Microsoft co-founder Paul Allen, who portrays the company's current chief executive, Steve Ballmer, as scheming in his, says that Ballmer, in a conversation two weeks ago, confirmed Allen's account of the events.
"Steve said, 'Yeah, those things did happen' that I recount," Allen said during an appearance at the Town Hall Seattle speakers series. Allen was interviewed on stage by GeekWire's Todd Bishop, a longtime technology reporter in Seattle.
In his book, "Idea Man: A Memoir by the Cofounder of Microsoft," Allen writes that in 1982, he overheard Ballmer and Bill Gates discussing a plan to reduce Allen's 36 percent stake in Microsoft shortly after Allen was diagnosed with Hodgkin's lymphoma. Allen writes that he burst in and shouted, "This is unbelievable! It shows your true character, once and for all." He calls the plot "mercenary opportunism, plain and simple."
Gates only vaguely disputed the allegation, saying in a statement that "my recollection of many of these events may differ from Paul's," adding that he still values their friendship. Ballmer, though, has declined to comment publicly. Allen, however, says Ballmer never challenged any of the facts during their conversation.
Allen also said he gave Gates a copy of "Idea Man" months before its release. But the two haven't talked since the book came out on Tuesday. Allen fully expects that conversation to happen.
"I'm sure there are things in the book that Bill will want to discuss," Allen said. "That discussion will be very, very intense. He will be very direct, and so will I."
Bishop asked Allen why he felt compelled to write a book that was so candid, that showedof his time at Microsoft. "I wouldn't be doing justice to my own story if I didn't tell [the key moments of my life] the way they happened," Allen said.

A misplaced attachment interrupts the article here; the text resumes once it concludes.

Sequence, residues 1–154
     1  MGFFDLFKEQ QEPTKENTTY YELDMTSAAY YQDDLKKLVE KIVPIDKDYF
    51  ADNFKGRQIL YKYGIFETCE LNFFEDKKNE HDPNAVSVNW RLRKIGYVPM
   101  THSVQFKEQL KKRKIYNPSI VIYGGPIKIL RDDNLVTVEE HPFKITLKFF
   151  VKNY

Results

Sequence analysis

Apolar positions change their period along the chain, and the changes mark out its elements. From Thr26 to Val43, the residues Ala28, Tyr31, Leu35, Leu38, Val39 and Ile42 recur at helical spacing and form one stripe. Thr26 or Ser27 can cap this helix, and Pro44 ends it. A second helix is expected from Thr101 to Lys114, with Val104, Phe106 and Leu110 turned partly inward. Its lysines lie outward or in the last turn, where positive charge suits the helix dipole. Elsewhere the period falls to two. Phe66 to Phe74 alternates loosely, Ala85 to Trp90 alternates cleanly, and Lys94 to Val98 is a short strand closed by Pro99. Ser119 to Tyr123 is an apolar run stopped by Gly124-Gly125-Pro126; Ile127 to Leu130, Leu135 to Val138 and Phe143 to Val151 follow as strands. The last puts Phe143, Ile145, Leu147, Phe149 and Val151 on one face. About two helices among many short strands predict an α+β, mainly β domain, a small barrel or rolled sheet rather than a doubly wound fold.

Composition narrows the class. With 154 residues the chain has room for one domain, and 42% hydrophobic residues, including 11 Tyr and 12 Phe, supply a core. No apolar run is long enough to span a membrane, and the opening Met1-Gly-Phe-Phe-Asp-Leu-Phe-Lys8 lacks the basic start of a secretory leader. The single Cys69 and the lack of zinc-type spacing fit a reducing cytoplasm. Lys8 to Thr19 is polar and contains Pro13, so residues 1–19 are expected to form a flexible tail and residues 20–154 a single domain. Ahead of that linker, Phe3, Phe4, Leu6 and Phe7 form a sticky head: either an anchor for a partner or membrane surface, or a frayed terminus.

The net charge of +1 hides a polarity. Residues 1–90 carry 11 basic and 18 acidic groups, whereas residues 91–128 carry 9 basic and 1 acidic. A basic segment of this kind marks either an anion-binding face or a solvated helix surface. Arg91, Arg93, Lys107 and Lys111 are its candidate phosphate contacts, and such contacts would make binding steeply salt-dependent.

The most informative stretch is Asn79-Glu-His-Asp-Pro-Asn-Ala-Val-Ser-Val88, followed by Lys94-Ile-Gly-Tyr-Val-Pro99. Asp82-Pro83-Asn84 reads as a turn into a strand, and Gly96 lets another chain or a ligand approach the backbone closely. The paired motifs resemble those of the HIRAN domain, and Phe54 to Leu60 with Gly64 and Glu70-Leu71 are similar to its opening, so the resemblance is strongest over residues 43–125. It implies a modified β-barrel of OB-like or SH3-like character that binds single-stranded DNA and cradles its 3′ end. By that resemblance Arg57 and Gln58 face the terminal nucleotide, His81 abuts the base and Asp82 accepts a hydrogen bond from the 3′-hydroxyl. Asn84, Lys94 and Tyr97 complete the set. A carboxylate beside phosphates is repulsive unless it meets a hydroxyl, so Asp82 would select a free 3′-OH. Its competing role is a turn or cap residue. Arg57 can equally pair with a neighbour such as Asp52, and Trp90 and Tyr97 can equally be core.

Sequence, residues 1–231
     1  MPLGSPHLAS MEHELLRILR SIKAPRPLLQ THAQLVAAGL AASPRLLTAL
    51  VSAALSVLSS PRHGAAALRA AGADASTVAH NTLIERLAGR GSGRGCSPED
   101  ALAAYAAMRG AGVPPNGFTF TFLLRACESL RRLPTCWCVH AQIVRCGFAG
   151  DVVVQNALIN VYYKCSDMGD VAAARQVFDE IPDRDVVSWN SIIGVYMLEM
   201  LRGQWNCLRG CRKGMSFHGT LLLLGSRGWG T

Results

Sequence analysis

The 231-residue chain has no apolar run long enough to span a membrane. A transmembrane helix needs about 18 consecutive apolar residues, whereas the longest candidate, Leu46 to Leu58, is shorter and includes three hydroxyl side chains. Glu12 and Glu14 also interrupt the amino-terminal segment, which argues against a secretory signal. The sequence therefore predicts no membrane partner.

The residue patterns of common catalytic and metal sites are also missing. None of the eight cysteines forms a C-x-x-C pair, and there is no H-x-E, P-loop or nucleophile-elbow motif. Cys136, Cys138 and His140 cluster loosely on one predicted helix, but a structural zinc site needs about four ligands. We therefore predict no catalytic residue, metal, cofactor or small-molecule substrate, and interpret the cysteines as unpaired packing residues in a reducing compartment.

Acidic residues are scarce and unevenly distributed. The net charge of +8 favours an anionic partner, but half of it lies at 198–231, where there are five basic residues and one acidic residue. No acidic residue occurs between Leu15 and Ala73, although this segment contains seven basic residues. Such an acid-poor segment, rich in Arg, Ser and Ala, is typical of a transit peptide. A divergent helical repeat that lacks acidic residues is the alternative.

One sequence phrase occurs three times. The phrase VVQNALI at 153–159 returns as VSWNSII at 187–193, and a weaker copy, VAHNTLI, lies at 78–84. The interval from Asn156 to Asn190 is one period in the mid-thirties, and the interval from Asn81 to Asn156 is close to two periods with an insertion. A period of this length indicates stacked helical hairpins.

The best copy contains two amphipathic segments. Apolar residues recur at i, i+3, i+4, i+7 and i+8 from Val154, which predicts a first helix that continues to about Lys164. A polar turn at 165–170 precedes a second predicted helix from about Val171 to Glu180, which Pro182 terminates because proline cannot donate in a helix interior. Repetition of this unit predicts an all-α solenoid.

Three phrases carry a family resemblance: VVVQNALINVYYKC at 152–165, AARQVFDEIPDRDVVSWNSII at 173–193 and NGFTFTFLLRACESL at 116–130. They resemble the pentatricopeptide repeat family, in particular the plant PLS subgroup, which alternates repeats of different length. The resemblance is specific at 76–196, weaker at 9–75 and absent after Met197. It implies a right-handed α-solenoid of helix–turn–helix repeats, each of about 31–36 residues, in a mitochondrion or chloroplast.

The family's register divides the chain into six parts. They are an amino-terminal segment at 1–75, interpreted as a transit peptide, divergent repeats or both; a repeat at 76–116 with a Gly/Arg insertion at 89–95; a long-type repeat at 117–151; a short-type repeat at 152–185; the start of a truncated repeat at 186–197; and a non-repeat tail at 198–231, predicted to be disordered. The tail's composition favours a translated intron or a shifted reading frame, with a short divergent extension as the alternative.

The interview event often felt like a homecoming for Allen, whose book promotion tour has seen him appear on "60 Minutes," "Charlie Rose," and American Public Media's "Marketplace" radio program. In Seattle, Allen was greeted warmly by a crowd of roughly 800 people that included, among others, his college girlfriend, Rita, whom he writes about in the early chapters of "Idea Man."
Allen was relaxed and often charming, telling stories and cracking wise. Asked about his Twitter account, the sometimes reclusive billionaire joked that he contemplated tweeting recently, "Look out Howard Hughes. Going to Vegas today."
Allen laughed about descending deep into the ocean in submarine that's housed inside his massive yacht. "The animals are really strange. But if you put on some Pink Floyd, it's fantastic," Allen said.
Given the Seattle crowd, Allen seemed to soft pedal criticism of current-day Microsoft in "Idea Man." In the book, Allen writes that "complacency has taken its toll," as Microsoft struggles to compete in growth markets such as smartphones and tablets.
In the conversation at Town Hall, Allen didn't offer criticism about specific missed opportunities. Instead, he alluded to Microsoft's missteps with business truisms, speaking broadly about new platforms that emerge. "You have to recognize those and jump on the opportunity and be as competitive as fast as you can," Allen said.
Allen's book tour will take him to Palo Alto, Calif., next Tuesday, where he'll be interviewed by Stanford University President John L. Hennessy in an event hosted by the Commonwealth Club.